[Taxacom] Electronic publication

Richard Pyle deepreef at bishopmuseum.org
Tue Jan 10 14:13:53 CST 2017


DAMN!  Now I see Thomas also provided a better version of my soapbox!  OK, I'll shut up now (at least until I finish going through my inbox).

Aloha,
Rich

> -----Original Message-----
> From: Taxacom [mailto:taxacom-bounces at mailman.nhm.ku.edu] On Behalf
> Of Thomas Pape
> Sent: Tuesday, January 10, 2017 4:11 AM
> To: taxacom at mailman.nhm.ku.edu
> Subject: Re: [Taxacom] Electronic publication
> 
> The combined production of taxonomy and nomenclature in scientific works
> ever since Systema Naturae means that many people have difficulties
> envisioning these as possibly being produced separately (at least in part).
> 
> Managing more nomenclature directly in an online registry (e.g., an
> expanded ZooBank) would have some important advantages like
> instantaneous global availability, exact dating, prevention of primary
> homonymy, confirmed [intended] type depository, and unambiguous original
> spelling. It would also help people to understand better the distinction
> between nomenclature as an implementation of legislation, and taxonomy
> as a scientific activity.
> 
> Still, quality matters, certainly also for nomenclature, and most publishers
> exert some quality check on the content in the publications they oversee,
> e.g., through peer review. An official registry could still have various
> measures built in that would help increase 'qualified' nomenclatural
> decisions, but it is difficult to provide satisfying, sustainable solutions with
> limited resources.
> 
> This is all very interesting, and the ICZN is (pro-)actively looking into the
> various possibilities.
> 
> /Thomas Pape
> 
> 
> -----Original Message-----
> From: Taxacom [mailto:taxacom-bounces at mailman.nhm.ku.edu] On Behalf
> Of Richard Pyle
> Sent: 10. januar 2017 02:41
> To: 'Stephen Thorpe'; 'Hinrich Kaiser'; 'Scott Thomson'
> Cc: taxacom at mailman.nhm.ku.edu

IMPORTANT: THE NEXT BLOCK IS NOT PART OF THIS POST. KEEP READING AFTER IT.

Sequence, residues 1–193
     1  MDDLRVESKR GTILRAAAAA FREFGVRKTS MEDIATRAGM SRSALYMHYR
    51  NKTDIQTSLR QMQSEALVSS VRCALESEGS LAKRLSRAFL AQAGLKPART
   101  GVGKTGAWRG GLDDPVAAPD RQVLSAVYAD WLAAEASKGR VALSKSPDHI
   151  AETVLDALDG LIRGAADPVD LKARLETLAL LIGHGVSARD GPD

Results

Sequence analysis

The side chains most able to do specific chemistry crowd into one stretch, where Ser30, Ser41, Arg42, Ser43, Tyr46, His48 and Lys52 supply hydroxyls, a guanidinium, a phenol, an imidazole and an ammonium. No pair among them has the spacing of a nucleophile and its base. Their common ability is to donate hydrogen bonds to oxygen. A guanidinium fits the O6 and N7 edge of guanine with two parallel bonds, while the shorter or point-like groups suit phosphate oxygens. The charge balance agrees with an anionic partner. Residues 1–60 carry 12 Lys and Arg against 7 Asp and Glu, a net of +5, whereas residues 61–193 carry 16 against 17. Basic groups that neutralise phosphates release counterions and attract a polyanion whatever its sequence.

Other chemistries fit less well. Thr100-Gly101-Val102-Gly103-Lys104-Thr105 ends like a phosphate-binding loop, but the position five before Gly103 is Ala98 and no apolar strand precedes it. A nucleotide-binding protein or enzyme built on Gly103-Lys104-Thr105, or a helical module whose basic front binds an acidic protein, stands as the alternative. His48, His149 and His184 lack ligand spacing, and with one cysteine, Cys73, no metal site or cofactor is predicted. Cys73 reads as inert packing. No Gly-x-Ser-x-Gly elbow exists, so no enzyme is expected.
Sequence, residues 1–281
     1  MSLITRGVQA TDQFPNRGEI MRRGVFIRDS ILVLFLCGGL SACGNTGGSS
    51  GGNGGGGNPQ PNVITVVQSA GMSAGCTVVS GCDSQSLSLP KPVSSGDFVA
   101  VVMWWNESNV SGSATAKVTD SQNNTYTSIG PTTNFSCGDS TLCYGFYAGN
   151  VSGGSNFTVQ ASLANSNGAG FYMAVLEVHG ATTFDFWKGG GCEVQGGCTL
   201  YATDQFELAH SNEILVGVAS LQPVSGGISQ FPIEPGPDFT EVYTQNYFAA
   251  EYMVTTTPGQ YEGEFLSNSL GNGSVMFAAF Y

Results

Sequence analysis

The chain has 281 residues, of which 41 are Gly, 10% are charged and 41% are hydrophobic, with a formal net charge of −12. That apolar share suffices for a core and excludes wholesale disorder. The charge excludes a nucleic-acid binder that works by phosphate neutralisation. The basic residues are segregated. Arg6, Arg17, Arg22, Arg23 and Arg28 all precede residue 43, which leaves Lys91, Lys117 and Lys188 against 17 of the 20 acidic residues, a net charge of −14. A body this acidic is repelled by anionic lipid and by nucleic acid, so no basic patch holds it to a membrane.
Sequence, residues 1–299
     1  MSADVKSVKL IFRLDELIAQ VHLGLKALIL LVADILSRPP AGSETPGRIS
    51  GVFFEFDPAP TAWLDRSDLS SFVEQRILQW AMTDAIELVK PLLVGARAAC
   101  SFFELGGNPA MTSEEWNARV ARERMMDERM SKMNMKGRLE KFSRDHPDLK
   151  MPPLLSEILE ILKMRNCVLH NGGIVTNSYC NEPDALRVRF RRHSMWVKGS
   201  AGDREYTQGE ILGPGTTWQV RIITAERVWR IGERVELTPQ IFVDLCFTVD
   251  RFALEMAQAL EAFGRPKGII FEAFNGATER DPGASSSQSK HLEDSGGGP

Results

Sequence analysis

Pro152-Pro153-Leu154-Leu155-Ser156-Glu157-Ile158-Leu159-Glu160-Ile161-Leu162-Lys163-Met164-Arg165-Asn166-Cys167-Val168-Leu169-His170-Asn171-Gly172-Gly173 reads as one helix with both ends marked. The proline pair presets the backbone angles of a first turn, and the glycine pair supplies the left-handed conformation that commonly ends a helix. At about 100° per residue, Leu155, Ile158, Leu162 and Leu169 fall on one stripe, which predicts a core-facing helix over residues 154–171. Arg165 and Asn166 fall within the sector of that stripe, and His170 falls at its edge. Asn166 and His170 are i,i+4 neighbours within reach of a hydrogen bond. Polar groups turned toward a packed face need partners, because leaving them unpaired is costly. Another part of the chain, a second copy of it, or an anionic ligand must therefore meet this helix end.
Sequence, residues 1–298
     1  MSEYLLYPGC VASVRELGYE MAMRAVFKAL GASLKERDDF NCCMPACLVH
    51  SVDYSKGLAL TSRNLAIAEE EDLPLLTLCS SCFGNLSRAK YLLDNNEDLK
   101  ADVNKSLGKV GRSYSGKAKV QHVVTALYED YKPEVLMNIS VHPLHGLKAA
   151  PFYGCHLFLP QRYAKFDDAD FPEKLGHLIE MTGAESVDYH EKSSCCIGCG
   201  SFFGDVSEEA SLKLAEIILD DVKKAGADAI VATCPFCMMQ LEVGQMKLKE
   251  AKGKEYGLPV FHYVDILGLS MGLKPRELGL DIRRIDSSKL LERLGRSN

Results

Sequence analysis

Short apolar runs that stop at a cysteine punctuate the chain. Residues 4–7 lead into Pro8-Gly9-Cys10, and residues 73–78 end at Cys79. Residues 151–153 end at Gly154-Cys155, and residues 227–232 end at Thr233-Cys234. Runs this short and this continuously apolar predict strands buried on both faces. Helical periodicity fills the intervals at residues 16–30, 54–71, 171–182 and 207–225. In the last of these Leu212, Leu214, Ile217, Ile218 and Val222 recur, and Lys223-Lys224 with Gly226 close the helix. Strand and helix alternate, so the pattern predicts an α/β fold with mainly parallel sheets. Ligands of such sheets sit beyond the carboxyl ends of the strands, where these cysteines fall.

> Subject: Re: [Taxacom] Electronic publication
> 
> > Well, the slight potential problem with that idea, or so it seems to
> > me, is that either an accompanying publication is necessary for new
> > name availability or not.
> 
> According to the idea as I outlined it: not.
> 
> > If not, then why would publishers bother to publish descriptions of
> > new taxa that are already made available by other means?
> 
> Because the vast majority of all scientific descriptions of new taxa are about
> the science of taxonomy, not about the legal Code requirements.  Only a tiny
> minority of the text in scientific descriptions is necessary to confer Code
> compliance.  Publishers publish new species descriptions because they
> represent important science.  Peer reviewers review the papers on the
> scientific basis.  Publishers should require that descriptions of new taxa
> include references to the registration of the new names (in much the same
> way that publishers often require citation of GenBank Accession numbers
> when gene sequences are cited).
> 
> Any publisher that would fail to publish an article describing the scientific
> aspects of a new taxon simply because the publication itself was no longer
> required by the ICZN Code, would absolutely NOT be worth publishing in
> anyway.  Such a perspective would represent a gross misunderstanding of
> the respective roles of science and the Code in the realm of taxonomy.
> 
> > What happens if a new name is made available "entirely within the
> > registration system", but for some reason it doesn't also get published?
> 
> In what way is this different from a self-published manuscript that minimally
> contains the information necessary to establish a new name in the sense of
> the existing Code?  (other than the fact that the registration record would be
> easily discoverable, but the self-published MS would not).
> 
> Nothing is stopping anyone from doing exactly what I described, except in
> the form of an obscure self-published work, rather than controlled and
> publicly visible registration system.  Yet, it rarely happens, because the vast
> majority of taxonomists care about their scientific reputations.  Such
> reputations are built on providing quality science according to scientific
> publication standards.  This would not change.
> 
> We cling to "publication" in the context of establishing new scientific names
> as if it somehow represents some form of quality control; when of course we
> all know or at least SHOULD know) that it does not (anyone who thinks it
> does, either doesn't understand how what the Code requirements actually
> are, or doesn't understand the divers nature of "publication" in its modern
> form).
> 
> Aloha,
> Rich
> 
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